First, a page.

Reconstruction of the Pergamon Altar
Reconstruction of the Pergamon Altar
Raimond Spekking (CC BY-NC-SA)

Attalus II & III

Attalus II Philadelphus ('brother-loving') was the second son of Attalus I, and at the urging of Rome, he became co-ruler with his brother, serving from 160 to 138 BCE. He had functioned as both a commander under Eumenes II against Antiochus III as well as the war opposing the Galatians. He had also served as a diplomat to Rome where he fell into favor with the Romans. After his brother's death in 159 BCE, Attalus assumed sole control of the throne, marrying his brother's widow Stratonice and adopting his nephew, the future Attalus III. During his reign, he would maintain close ties with Rome, recognizing their supremacy. His armies supported Nicomedes II of Bithynia and Alexander Balas in Syria but opposed Andriscus in Macedon. While continuing his brother's building program at home, he founded the cities of Philadelphia in Lydia and Attaleia in Pamphylia. Unfortunately, his adopted son, Attalus III (r. 138-133 BCE), would be the last Attalid king. Considered by many to be brutal and unpopular, he was disinterested in public life and relinquished control of Pergamon to Rome. Although there was another claimant - a supposed illegitimate son of Eumenes II named Eumenes III Aristonicus – the dynasty came to an abrupt end.

Unlike the Ptolemaic Dynasty and the Seleucids, the Attalid Dynasty lasted barely a century and a half with much of that under the leadership of a father and his two sons. The family had gained power over Pergamon after the death of Lysimachus, eventually freeing themselves from the rule of the Seleucids. Although Pergamon lay in Asia Minor, the city and province were, by any definition Greek, identifying with the city of Athens, even adopting Athena as their deity and protector. However, a series of long wars against Macedon and Syria brought the expanding Roman Republic onto the scene. After defeating Carthage in the Punic Wars, the Roman Republic had set its sights eastward to Greece and Asia. In the end, Pergamon, under the poor leadership of Attalus III, surrendered without incident to Rome. The short-lived dynasty was no more.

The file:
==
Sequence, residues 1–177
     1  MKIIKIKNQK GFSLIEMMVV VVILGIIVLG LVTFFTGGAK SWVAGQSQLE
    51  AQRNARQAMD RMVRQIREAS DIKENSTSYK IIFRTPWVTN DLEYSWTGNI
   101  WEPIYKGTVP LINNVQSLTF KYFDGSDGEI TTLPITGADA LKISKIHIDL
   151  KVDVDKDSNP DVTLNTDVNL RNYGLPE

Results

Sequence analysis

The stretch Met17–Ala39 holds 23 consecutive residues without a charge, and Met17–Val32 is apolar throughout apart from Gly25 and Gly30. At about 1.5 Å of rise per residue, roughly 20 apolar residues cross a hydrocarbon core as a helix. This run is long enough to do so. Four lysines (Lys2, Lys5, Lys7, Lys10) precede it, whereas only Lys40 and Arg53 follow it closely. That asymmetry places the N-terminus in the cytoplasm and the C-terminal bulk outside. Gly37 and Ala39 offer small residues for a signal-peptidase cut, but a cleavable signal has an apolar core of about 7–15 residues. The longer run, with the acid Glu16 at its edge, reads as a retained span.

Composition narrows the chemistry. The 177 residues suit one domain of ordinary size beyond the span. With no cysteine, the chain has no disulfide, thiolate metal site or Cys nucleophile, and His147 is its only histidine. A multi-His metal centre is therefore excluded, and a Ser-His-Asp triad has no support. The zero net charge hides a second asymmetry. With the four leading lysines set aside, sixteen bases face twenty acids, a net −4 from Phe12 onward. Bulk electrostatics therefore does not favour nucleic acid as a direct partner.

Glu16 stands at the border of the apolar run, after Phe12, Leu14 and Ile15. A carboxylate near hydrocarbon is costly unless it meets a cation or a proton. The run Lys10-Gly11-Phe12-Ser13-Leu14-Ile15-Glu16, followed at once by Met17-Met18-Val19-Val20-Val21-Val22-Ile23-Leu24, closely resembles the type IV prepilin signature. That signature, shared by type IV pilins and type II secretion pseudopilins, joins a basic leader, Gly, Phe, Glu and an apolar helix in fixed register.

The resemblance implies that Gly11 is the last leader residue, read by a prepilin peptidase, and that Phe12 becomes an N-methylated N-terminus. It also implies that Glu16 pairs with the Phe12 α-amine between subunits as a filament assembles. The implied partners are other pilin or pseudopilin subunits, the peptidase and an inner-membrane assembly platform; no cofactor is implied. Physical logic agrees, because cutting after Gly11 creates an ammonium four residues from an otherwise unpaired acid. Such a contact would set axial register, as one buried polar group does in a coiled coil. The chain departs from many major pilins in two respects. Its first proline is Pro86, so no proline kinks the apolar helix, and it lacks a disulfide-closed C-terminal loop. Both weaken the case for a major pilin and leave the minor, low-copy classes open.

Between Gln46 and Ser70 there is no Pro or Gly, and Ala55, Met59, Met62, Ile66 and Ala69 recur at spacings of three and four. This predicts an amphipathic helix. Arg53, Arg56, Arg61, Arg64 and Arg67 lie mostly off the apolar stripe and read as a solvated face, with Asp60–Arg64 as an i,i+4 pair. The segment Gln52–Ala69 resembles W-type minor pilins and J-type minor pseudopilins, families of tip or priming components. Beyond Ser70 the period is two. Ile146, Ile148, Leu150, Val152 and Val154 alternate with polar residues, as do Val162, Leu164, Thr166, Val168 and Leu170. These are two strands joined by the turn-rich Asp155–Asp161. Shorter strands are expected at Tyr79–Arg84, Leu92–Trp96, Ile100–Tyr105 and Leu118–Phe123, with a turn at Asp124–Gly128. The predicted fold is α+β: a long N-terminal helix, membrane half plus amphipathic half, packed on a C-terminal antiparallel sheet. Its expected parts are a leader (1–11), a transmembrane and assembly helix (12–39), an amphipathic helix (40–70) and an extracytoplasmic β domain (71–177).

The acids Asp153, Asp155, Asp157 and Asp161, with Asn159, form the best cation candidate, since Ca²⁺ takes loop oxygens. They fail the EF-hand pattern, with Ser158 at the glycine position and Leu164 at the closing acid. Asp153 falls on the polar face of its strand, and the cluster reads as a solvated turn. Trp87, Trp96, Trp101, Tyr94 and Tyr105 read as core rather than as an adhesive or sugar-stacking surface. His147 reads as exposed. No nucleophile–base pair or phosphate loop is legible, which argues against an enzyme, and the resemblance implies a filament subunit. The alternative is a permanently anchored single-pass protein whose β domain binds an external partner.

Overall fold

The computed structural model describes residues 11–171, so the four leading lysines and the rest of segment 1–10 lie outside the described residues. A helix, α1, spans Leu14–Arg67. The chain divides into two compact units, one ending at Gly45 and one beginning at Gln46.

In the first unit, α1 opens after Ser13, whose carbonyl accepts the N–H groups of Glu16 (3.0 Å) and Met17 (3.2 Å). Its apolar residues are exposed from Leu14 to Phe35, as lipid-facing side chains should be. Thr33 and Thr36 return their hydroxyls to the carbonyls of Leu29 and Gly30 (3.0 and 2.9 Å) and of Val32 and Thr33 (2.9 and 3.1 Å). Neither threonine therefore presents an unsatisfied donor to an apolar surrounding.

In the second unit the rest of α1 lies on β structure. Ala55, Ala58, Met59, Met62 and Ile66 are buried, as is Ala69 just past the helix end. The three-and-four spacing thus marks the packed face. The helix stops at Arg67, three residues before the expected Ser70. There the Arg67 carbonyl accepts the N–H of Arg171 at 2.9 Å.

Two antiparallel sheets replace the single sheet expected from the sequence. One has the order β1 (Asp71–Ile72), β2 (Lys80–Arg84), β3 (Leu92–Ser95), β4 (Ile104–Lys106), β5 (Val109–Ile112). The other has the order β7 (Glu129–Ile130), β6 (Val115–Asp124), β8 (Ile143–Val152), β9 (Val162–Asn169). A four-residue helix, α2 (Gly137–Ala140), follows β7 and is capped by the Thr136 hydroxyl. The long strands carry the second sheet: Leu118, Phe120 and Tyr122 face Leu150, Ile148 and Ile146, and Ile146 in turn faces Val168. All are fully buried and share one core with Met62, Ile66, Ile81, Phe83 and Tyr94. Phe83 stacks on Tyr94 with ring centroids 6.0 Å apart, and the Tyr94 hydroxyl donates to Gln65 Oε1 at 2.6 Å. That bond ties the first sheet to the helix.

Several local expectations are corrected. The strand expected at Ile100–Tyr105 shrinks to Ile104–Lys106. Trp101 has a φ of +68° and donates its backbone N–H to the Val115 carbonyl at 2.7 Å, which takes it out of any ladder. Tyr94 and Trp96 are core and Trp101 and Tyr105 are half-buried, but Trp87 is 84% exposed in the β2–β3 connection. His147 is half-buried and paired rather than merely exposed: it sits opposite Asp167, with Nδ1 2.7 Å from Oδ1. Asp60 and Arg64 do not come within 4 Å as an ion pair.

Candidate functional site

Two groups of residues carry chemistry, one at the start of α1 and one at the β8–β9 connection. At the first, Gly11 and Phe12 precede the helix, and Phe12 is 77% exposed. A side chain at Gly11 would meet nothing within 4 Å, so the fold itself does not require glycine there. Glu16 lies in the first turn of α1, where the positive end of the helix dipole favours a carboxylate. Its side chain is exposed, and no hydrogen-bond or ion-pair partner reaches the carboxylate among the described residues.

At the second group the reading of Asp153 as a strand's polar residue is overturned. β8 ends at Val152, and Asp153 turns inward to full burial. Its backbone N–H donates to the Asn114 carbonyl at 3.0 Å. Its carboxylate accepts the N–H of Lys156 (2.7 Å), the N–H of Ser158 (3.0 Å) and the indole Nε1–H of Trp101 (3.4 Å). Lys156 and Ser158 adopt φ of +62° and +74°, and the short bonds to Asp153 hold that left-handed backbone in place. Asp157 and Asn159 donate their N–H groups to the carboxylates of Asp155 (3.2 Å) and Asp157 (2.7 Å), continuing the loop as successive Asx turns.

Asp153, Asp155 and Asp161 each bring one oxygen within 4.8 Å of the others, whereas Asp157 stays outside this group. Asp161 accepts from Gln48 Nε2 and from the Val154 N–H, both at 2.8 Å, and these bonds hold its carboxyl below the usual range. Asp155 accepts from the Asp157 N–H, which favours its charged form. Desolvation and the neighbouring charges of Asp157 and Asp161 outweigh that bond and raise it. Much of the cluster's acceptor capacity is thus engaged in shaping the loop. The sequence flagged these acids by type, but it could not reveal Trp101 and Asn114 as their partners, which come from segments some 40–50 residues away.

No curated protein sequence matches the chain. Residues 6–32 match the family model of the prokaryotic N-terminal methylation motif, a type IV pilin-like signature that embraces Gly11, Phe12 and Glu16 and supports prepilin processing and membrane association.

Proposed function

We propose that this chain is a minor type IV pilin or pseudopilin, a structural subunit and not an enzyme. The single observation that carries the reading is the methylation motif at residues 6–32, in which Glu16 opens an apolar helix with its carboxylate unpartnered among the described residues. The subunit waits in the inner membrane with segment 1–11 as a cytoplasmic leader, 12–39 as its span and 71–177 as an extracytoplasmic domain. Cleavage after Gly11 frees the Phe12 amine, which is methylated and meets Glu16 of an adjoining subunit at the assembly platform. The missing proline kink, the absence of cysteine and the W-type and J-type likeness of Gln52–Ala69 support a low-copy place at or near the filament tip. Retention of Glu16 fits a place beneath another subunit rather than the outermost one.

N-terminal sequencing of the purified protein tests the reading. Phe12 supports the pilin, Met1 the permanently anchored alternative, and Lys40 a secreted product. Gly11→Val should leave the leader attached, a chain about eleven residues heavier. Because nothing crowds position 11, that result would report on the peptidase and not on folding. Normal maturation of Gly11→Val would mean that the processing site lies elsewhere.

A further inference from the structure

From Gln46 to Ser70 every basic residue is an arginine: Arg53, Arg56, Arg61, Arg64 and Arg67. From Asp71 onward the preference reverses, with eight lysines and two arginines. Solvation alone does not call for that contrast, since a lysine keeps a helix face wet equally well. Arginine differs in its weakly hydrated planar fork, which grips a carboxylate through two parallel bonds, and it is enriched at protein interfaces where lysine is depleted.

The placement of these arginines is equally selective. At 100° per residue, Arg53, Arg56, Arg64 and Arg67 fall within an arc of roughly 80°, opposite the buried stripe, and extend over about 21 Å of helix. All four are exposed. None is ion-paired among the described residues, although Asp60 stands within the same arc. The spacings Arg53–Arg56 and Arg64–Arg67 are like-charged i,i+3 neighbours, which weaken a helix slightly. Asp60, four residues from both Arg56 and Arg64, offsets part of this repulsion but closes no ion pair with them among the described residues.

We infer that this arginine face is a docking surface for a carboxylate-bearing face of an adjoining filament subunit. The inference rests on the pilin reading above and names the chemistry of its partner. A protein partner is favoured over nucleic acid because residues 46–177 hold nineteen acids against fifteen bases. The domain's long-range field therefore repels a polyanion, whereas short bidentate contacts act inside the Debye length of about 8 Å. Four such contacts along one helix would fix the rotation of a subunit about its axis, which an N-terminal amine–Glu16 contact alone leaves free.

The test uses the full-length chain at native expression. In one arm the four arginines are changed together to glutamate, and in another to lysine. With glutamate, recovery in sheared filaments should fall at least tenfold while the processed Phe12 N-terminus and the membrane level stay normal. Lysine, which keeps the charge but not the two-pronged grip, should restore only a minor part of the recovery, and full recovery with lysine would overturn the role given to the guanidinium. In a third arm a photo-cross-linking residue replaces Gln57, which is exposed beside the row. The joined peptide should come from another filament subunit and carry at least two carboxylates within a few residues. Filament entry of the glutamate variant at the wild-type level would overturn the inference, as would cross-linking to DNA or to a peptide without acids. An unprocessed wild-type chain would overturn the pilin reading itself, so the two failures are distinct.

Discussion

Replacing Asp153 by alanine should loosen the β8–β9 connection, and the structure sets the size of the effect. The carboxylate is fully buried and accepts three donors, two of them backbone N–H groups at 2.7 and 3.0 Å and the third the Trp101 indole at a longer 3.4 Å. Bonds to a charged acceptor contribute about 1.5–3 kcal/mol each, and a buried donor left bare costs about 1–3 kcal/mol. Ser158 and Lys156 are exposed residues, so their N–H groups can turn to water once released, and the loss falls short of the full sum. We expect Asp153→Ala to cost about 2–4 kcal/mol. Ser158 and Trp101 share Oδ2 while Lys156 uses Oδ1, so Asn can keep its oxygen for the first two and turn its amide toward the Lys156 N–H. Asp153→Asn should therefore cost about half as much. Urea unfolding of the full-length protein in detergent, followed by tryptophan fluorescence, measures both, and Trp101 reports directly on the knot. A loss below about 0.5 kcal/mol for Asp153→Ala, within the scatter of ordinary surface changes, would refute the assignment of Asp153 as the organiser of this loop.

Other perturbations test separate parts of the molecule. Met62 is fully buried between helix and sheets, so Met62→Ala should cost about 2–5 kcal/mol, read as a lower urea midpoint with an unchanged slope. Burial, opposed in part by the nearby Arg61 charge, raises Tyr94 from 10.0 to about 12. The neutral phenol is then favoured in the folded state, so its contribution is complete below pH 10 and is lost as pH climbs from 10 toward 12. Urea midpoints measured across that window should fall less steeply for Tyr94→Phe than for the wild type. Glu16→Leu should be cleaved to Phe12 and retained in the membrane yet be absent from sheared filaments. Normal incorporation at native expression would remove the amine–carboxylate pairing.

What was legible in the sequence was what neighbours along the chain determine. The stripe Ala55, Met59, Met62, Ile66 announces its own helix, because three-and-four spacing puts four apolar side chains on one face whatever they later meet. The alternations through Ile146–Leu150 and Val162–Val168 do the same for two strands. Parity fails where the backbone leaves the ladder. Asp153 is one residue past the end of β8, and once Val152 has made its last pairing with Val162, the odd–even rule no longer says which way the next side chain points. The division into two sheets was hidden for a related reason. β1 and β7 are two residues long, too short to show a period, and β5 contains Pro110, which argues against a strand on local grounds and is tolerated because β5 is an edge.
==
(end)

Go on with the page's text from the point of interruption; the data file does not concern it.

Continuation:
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About the Author

Donald L. Wasson
Donald has taught Ancient, Medieval and U.S. History at Lincoln College (Normal, Illinois)and has always been and will always be a student of history, ever since learning about Alexander the Great. He is eager to pass knowledge on to his students.



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Cite This Work

APA Style

Wasson, D. L. (2016, October 10). Attalid Dynasty. World History Encyclopedia. Retrieved from

Chicago Style

Wasson, Donald L.. "Attalid Dynasty." World History Encyclopedia. Last modified October 10, 2016.

MLA Style

Wasson, Donald L.. "Attalid Dynasty." World History Encyclopedia. World History Encyclopedia, 10 Oct 2016. Web. 21 Jul 2024.